As I go up the steps I am praying quietly to myself that I don’t end up sitting next to the little scraggly man, who is in front of me. “Please God, I know I am not usually lucky in these matters and I’m not questioning your judgment of my just deserts, I’m sure you know best and I know I’m a pain in the ass and a disappointment in so many ways but if you could give me a break this time, five hours, God! That's all I'm saying, five hours. There are limits, God, even for you.” Five hours. I remember once taking a dance workshop run by Jacques D’amboise and we had to pair up and I ended up with this quietly crazy woman. The scraggly man walks in past a couple of seats, looks down the length of the bus, which is more than half full at this point, and says, “Welcome to America! I believe I’m the only fucking white person on this bus! Except you, and oh, there’s another one! Hello, sir!” I grab a seat next to an older black lady who looks quiet.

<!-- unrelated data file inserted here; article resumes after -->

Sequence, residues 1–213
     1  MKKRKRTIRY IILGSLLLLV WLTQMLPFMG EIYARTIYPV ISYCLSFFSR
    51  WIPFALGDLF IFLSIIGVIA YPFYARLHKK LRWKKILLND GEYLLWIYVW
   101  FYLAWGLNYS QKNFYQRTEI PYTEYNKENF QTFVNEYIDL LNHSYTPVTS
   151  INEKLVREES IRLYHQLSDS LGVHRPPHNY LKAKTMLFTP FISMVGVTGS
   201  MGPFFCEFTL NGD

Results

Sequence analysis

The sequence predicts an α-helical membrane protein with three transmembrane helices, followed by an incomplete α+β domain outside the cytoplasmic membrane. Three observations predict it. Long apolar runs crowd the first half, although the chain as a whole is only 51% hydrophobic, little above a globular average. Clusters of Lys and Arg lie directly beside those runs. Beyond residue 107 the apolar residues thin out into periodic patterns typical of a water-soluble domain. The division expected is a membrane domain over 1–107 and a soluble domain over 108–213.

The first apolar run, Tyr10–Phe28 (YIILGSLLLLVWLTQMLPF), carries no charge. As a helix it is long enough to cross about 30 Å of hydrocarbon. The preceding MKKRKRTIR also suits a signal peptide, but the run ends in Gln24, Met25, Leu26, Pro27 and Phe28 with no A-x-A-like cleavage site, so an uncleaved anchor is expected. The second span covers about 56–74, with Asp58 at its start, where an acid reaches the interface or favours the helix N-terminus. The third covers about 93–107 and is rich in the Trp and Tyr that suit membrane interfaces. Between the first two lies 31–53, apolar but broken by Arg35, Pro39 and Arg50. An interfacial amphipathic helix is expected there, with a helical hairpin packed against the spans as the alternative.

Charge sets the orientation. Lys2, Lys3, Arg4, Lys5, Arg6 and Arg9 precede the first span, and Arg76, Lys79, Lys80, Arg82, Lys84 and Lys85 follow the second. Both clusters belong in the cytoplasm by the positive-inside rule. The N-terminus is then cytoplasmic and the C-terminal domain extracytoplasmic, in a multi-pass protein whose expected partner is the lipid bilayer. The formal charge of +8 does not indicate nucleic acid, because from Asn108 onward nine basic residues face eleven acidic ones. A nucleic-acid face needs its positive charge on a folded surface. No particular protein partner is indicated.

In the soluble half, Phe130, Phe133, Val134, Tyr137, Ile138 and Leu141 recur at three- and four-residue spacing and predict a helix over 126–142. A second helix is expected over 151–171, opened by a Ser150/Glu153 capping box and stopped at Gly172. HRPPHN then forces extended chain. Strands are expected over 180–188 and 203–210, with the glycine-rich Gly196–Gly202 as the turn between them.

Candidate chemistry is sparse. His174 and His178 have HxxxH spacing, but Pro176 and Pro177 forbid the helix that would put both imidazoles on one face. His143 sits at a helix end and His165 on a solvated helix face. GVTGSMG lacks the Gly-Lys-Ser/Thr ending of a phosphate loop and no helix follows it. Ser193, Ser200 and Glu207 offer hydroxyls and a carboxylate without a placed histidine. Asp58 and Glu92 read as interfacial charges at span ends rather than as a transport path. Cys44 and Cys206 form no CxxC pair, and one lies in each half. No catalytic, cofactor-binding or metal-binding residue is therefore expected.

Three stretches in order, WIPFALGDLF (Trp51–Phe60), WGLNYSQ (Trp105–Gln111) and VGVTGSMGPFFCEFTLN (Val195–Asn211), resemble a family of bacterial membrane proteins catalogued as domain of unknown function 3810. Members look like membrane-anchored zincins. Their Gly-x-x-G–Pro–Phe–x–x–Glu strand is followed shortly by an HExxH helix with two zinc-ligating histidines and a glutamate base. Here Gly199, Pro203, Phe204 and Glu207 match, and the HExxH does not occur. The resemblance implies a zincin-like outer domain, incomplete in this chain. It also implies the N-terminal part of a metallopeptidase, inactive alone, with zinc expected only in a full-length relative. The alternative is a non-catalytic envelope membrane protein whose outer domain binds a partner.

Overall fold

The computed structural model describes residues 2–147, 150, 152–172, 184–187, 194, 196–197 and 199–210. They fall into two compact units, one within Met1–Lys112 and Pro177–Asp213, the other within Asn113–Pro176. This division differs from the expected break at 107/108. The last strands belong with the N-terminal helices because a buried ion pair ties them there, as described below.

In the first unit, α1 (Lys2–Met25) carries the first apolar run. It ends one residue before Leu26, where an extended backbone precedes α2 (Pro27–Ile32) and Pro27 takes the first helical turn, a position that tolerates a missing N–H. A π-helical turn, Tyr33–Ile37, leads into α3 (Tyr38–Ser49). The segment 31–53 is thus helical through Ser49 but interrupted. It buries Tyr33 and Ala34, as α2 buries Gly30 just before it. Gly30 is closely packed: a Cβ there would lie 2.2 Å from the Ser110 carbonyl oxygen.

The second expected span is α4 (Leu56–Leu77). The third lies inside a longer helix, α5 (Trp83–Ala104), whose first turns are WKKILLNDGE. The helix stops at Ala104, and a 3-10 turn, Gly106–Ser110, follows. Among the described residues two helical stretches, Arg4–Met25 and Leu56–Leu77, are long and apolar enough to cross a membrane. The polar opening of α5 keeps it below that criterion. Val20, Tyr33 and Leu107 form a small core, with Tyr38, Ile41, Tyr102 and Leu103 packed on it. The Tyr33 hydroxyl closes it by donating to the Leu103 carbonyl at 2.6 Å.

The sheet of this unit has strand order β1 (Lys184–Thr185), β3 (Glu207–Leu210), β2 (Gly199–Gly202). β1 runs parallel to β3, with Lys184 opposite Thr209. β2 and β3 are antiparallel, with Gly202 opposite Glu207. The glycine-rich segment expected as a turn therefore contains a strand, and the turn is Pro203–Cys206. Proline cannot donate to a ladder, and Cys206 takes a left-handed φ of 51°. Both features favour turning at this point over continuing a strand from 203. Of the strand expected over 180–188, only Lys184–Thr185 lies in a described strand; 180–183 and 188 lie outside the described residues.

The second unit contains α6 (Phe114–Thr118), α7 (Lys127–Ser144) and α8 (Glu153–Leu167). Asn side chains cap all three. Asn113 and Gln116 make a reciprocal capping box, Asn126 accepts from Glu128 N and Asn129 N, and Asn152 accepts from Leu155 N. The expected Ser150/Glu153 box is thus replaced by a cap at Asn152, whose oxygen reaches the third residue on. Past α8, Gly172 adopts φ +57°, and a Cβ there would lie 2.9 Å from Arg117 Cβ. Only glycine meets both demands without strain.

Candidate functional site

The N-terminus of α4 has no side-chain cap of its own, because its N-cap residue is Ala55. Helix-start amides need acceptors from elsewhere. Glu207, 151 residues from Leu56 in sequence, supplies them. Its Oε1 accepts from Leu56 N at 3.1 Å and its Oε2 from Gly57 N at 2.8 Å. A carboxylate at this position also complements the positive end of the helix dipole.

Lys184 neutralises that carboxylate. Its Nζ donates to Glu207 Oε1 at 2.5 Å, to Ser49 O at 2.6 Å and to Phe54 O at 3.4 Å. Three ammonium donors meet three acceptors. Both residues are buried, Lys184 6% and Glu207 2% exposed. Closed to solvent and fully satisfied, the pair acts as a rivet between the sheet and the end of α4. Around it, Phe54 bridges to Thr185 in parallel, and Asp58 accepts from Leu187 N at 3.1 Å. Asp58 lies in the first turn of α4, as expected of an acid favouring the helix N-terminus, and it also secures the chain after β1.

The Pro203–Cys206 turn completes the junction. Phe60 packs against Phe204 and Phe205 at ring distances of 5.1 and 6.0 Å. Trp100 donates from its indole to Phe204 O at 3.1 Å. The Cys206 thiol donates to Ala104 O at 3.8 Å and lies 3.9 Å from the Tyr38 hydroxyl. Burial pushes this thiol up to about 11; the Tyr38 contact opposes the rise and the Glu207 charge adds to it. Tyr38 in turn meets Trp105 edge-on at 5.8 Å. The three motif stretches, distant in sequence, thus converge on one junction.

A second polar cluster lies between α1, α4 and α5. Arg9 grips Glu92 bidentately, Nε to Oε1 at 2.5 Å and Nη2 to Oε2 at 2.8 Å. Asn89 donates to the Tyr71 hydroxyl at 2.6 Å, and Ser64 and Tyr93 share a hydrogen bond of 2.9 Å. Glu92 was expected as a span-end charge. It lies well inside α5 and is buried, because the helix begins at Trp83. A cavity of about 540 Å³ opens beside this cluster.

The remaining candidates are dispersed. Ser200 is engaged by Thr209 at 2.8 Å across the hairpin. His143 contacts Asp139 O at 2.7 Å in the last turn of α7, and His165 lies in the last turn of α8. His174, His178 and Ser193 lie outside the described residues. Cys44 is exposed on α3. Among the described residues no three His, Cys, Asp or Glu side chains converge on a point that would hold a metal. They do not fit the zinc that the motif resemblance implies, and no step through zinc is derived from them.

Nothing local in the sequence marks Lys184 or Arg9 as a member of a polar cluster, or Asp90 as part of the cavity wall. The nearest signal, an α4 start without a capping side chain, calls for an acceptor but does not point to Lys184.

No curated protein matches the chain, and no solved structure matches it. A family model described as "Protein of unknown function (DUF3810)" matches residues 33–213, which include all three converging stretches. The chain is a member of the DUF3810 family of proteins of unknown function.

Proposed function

She is quiet, bless her heart. She’s from DC, but like a lot of black people in DC, she came here from somewhere south and rural, I hear her speech and I’m sitting on the porch of an unpainted house in Mississsippi somewhere, late afternoon looking across the vegetable garden and the hollyhocks and the sunflowers with the porch-sitters, every 10 minutes or so the long silence breaks when someone says “Mmmmmhm,” in that way that is so loaded and loamy with implication. The one who is saying, “Why, yes, Miz Loubelle, I will have some of that lemonade, thank you. You mean there’s more huckleberry pie, too? Don’t mind if I do.” That would be me. And maybe Mississippi John Hurt arrives in a wagon drawn by two contented mules, asks for a cup of that Maxwell House Cawfee and sets to tuning up his guitar.*